Me: (hugging her, my heart in my dry mouth): When do you think of these things, shona?
She: I sit in bed and think at night. Then in the morning, I don’t feel like going to school, I feel like staying home with Ma.

Of course, I talked to her about it some more, hugged her for A Very Long Time, and she felt better when she went to school the next day. It’ll pass, I know. But I still wanted to put her words down here, for nothing else but for me to remember.

{You’re just four, Chotto-Ma. Yet you sit at night and try to work through your worries without worrying us. You know your thoughts with utter clarity, yet say them aloud after much consideration. You’re just four, yet you try without being told to try. It makes me want to hug you in, in, in, and keep you safe. But, like you say, my tummy’s too small for you now.}

And so we did what we do best. We kissed her silly and gobbled her up and made her giggle till she could hardly breathe.

We also did a few other things:

D gave Chotto-Ma her first Aikido lesson – he’s been waiting to do this since she was a blip. (Throat-grabbing boy, beware.)

I sewed her a dress! It’s the first dress I’ve ever sewn, and though the finish was far from perfect, it made her a very happy bunny.

We read her this book of poetry by Freda Bedi, which we’d bought in Kolkata this year. Its words and drawings are wonderfully evocative – worth a hunt around bookstores.

And we made Shondesh. It’s a sweet that Chotto-Ma loves. It reminds her of Kolkata, and of people she misses very much. 

Notun Gurer Kanchagolla
(A subtle, Bengali sweet made with date jaggery. Jaggery can come in different forms – as a hard cake, or in a more syrupy consistency. The latter is called Jhola Gur, and that is what I used. It’s available in most Indian/Bangladeshi stores.)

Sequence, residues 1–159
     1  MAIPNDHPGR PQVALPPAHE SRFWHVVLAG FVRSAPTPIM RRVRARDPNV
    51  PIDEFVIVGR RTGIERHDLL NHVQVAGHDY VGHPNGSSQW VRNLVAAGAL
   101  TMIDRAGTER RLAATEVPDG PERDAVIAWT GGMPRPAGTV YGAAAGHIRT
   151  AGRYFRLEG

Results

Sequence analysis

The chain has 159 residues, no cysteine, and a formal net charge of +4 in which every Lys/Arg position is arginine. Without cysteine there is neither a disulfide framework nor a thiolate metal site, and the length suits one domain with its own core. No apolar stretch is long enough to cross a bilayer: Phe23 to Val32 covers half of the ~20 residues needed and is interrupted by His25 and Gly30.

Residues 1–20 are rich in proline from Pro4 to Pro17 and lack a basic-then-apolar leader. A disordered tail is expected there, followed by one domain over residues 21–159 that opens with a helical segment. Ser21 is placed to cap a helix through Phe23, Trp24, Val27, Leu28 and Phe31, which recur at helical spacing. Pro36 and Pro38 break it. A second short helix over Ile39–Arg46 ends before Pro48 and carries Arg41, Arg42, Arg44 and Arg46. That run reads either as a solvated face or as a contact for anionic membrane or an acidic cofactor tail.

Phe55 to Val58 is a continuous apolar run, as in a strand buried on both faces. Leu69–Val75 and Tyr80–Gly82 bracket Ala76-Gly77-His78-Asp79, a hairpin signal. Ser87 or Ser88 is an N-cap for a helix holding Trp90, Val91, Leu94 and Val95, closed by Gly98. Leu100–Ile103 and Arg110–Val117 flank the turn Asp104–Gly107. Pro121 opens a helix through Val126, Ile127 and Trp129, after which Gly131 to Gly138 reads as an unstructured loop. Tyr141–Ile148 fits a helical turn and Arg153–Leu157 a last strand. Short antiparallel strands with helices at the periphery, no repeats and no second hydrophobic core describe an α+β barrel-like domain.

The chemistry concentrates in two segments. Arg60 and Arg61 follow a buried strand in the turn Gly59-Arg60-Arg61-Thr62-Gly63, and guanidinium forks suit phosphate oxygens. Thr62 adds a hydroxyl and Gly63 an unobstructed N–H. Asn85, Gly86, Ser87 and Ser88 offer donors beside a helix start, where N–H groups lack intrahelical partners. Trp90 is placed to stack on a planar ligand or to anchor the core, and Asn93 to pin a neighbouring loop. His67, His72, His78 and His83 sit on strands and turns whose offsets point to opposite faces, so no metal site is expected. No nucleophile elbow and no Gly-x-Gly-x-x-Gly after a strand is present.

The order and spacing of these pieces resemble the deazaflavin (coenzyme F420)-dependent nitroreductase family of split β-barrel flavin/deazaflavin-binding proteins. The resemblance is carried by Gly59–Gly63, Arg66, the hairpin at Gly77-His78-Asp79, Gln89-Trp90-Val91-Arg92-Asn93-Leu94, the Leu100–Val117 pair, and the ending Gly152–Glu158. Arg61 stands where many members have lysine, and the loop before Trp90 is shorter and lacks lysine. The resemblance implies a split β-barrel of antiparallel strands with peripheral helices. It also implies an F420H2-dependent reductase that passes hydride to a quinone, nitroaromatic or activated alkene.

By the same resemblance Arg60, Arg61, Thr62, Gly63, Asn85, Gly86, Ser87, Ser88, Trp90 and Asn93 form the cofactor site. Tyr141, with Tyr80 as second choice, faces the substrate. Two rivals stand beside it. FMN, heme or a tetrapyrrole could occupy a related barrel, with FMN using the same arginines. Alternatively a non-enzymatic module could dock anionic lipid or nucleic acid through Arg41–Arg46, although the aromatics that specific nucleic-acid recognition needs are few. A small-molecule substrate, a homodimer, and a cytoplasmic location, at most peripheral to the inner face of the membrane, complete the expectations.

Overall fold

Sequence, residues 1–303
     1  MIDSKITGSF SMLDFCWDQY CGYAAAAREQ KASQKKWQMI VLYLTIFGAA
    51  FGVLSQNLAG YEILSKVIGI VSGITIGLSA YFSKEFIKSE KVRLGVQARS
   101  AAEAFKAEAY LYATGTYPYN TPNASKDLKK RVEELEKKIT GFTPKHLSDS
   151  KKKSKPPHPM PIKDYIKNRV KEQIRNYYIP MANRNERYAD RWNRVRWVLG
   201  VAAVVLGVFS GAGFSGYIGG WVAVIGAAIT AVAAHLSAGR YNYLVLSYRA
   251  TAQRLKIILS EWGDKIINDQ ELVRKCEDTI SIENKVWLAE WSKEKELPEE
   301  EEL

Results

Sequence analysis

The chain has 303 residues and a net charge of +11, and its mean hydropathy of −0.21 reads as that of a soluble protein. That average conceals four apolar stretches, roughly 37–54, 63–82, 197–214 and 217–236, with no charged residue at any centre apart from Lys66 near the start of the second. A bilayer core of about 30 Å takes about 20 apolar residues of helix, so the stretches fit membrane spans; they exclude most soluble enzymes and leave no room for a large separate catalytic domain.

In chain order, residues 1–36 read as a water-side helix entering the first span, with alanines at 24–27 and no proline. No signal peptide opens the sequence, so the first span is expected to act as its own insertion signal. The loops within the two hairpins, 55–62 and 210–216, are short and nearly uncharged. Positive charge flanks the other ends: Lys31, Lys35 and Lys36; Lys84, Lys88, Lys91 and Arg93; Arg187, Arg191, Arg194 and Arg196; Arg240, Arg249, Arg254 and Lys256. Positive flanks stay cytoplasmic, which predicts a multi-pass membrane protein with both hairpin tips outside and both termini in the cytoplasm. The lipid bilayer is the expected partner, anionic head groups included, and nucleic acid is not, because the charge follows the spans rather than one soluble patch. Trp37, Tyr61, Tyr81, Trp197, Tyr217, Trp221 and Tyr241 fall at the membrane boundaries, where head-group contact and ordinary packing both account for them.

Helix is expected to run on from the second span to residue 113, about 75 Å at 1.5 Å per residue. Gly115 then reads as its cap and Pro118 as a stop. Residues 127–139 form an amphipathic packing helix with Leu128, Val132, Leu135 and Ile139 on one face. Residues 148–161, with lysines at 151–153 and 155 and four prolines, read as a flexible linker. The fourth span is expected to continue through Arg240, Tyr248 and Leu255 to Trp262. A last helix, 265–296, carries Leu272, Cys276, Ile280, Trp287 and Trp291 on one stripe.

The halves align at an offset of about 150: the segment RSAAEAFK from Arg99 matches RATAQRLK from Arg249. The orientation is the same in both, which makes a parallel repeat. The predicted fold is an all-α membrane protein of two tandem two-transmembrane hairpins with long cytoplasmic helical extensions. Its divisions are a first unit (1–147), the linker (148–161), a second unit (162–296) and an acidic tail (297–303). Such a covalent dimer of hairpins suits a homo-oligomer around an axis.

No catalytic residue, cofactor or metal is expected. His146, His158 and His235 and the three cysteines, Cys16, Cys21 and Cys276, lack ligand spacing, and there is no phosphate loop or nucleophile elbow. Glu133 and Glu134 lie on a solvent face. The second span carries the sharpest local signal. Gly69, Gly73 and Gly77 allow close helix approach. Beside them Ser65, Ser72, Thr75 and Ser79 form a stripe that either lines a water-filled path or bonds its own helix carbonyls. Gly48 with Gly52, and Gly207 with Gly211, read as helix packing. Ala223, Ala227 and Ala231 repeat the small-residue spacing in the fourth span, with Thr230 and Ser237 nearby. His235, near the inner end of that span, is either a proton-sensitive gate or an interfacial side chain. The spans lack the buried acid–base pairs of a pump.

Ingredients

1 ltr milk
Juice of 1 large lemon
4-6 tbs jaggery
1-2  tbs sugar

You’ll notice that the the measure for jaggery and sugar isn’t specific. That’s because the sweetness should be adjusted to your taste. You can skip the sugar completely and make the shondesh with just jaggery.

First, to make the Chhana or cottage cheese: Pour milk in a pan and bring to the boil. Keep the lemon juice handy. As soon as the milk begins to rise, lower heat, and pour in half of the lemon juice. Stir. The milk will begin to curdle instantly. Keep adding a bit of lemon juice, till all the milk has curdled into cheese. You should be left with the white cheese floating in a pale green water, called whey. Sieve the whey away, till you’re just left with the cottage cheese.

Leave the cheese in the sieve for 10 minutes to dry it completely. Then knead the cooled down Chhana (cottage cheese) with your hands for a few minutes.

In a non-stick pan, put the the Chhana, add half of the jaggery and put it on a gentle heat. Keep stirring in a gentle round motion. Taste for sweetness, and add more jaggery till you’re satisfied.

In a few minutes, the Chhana will start to tighten up. When it’s still soft enough to stir easily, take it off the heat. Don’t worry if it looks too soft, it’ll dry as it cools.

When warm, but not hot, divide them into portions, and with the palm of your hands, shape them into balls. Top each one with a raisin, or a cashew nut, or sprinkle of chopped pistachio.